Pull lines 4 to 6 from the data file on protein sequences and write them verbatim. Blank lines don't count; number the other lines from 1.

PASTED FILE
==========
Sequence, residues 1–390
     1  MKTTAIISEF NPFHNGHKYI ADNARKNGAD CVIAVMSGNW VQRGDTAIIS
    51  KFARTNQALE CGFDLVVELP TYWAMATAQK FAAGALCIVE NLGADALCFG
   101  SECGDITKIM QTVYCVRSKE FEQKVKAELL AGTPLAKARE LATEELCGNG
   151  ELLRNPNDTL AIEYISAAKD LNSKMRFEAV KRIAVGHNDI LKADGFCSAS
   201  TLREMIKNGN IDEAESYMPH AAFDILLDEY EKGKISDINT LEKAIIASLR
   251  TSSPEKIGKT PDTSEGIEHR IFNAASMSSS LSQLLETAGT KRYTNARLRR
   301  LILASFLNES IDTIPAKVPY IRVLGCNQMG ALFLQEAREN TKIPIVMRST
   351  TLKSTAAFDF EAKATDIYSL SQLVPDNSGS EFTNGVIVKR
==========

   101  SECGDITKIM QTVYCVRSKE FEQKVKAELL AGTPLAKARE LATEELCGNG
   151  ELLRNPNDTL AIEYISAAKD LNSKMRFEAV KRIAVGHNDI LKADGFCSAS
   201  TLREMIKNGN IDEAESYMPH AAFDILLDEY EKGKISDINT LEKAIIASLR